Spate of Fuel Storage Fires Prompts Hazmat Review

With a spike in oil tank fires making the news in recent weeks, it is worth having a closer look at what those mean for hazmat teams.

Last week a fuel depot just over the Ukrainian border in Belgorod, Russia came under attack from what Russian officials say were missiles fired from Ukrainian helicopters. According to CNN, eight tanks and 3.52 million gallons of fuel burned.

And there was a Russian military attack on an oil refinery and depot in Odessa, which lies on Ukraine’s southern border. In February, Russian forces hit an air base near Kiev, setting some of its oil storage tanks on fire

Also Read: Exploding Fuel Tanker Ignites Enormous Fire on Afghanistan-Iran Border

In late March, a tanker truck caught fire and exploded at a Texas jet fuel depot. The driver and passenger escaped prior to the explosion and were not seriously injured. The fire and debris did not appear to compromise the fuel storage tanks.

Also in late March an oil distribution facility in Jeddah, Saudi Arabia was attacked by missiles in what officials attributed to ongoing conflict between a Saudi-led coalition and Iran-backed rebels. It is unclear how many tanks were compromised or how much oil burned and leaked.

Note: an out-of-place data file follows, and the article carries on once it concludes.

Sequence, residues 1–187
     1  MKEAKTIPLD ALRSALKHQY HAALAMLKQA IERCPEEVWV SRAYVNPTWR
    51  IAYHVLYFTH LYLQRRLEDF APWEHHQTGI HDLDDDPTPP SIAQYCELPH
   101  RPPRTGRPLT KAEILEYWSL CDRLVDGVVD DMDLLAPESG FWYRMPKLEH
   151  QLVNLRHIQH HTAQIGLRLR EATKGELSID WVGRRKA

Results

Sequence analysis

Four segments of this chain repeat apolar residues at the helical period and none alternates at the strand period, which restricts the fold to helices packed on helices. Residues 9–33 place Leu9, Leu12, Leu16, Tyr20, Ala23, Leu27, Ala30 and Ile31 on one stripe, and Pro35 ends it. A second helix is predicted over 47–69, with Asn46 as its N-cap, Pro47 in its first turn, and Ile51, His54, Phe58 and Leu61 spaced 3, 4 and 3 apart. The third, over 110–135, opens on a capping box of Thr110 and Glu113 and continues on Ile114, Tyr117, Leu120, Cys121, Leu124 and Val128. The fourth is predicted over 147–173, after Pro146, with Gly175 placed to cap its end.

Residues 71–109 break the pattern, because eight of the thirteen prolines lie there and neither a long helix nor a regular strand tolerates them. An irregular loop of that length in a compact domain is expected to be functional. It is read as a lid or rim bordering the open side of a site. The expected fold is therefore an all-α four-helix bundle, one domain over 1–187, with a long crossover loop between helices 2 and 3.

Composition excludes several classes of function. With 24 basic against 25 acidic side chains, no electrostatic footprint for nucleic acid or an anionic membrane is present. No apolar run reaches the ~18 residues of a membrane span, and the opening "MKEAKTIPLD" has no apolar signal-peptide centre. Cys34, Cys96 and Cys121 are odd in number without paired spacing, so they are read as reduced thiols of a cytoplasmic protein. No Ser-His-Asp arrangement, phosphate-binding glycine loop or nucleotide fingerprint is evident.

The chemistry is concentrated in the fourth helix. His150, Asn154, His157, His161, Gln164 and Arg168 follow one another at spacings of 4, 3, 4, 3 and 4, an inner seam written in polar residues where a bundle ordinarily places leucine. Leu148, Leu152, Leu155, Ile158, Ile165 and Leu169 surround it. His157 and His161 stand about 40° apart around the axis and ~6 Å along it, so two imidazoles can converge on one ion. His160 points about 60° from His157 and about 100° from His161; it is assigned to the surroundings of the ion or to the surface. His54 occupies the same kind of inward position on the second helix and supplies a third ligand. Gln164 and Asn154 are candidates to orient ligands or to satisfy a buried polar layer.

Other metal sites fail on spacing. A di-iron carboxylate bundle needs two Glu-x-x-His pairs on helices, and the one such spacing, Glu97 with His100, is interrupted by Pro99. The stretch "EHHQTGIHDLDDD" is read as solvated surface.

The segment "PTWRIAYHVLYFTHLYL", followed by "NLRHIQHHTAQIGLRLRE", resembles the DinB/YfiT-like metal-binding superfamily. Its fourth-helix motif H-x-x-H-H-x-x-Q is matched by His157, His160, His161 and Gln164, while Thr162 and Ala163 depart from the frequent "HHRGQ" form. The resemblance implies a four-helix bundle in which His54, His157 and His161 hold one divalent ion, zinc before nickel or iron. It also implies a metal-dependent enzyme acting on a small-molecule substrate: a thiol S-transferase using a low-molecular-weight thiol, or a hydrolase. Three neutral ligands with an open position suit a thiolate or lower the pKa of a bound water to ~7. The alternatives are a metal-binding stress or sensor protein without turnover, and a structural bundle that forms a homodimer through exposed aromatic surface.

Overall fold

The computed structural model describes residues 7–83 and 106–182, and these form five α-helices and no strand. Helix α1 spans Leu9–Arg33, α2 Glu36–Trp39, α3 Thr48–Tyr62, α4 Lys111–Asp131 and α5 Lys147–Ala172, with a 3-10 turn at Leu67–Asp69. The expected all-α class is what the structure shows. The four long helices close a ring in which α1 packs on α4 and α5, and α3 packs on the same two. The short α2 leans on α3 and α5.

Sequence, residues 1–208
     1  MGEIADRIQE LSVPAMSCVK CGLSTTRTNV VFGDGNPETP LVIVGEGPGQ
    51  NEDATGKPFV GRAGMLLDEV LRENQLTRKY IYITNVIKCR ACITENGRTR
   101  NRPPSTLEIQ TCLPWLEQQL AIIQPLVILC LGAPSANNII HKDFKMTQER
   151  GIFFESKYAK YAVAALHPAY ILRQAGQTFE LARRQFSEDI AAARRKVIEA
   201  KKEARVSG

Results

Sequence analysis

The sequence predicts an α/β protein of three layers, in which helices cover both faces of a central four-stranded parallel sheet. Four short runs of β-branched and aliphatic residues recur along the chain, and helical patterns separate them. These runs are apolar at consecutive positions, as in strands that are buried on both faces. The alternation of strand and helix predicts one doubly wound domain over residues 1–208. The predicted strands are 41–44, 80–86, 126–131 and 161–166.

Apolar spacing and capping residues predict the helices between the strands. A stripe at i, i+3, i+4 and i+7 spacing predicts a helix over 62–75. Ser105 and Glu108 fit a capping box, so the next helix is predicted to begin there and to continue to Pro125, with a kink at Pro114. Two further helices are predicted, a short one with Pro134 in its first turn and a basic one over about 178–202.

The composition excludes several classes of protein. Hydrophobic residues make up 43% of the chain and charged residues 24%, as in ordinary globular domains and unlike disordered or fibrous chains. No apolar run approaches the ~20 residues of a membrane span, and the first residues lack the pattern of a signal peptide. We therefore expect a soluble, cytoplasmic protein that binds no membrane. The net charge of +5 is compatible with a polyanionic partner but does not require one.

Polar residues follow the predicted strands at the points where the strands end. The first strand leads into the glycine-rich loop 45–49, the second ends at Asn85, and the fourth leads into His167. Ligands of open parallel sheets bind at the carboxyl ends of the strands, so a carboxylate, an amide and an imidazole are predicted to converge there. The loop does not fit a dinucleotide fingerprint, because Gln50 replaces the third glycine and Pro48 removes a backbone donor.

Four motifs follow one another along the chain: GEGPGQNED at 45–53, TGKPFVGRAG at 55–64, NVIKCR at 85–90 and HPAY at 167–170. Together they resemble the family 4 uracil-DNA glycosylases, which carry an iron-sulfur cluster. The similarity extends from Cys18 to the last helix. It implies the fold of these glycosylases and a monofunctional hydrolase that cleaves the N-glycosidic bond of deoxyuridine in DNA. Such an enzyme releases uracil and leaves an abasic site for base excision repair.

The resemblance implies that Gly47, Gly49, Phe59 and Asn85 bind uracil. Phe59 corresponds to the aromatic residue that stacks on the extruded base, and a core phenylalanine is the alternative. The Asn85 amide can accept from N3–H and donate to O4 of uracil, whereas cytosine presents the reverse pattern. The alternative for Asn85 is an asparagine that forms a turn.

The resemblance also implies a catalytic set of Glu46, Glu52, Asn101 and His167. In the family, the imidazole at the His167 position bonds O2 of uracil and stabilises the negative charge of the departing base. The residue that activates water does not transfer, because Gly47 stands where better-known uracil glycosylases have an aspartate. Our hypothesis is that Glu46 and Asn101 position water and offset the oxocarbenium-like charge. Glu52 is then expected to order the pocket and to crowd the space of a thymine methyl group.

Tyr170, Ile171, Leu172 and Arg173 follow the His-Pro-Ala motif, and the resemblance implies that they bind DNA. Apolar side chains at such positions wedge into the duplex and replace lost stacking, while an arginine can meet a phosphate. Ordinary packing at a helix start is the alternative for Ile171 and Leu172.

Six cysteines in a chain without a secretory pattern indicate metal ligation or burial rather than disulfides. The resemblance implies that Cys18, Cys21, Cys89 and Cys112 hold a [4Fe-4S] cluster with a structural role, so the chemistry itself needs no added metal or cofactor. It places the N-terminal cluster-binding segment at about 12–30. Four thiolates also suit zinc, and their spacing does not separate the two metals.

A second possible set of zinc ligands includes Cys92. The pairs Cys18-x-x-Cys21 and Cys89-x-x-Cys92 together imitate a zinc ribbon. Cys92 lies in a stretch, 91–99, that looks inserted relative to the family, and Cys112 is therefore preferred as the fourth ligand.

Here’s a look back at our three tips to handling a tanker fire from a hazmat point of view.


Keep it small. That was Retired Fire Chief Leigh Hollins’ advice in his 2018 two-part article that ran in Fire Engineering. Hollins acknowledges that keeping the spill small is often easier said than done. But the smaller the incident’s footprint, the fewer resources needed to bring it under control and the lesser the risk to all involved.


Mix up training evolutions. Avoid falling into doing the same tanker training every time. Yes, repetition is an important part of learning. But how much is anyone learning if the same training spill material is leaking from the same area of the tanker in the same crash scenario and impinging on the same hazards every time? Make the placards inaccurate, change the runoff threats, alter the time of day and weather, and tweak the number of responders available. Change the scenario based on responder mistakes — planted or organic. Different scenarios require different tasks and give more opportunity for hazmat team members to think on their feet and do different hands-on skills. And train for drilling the holes needed to off load remaining fuel into another tanker. This, Chief Hollins says, is a very dangerous operation.


Go big early. One of the keys to keeping the incident small is overwhelming it with resources early, and not finding yourself playing catch up. That could mean getting wheel loaders from public works to drop loads of dirt in the fuel’s path. With that said, ERG reminds us not to rush in; life safety is still priority one. And there are times when letting it burn itself out is the best option.

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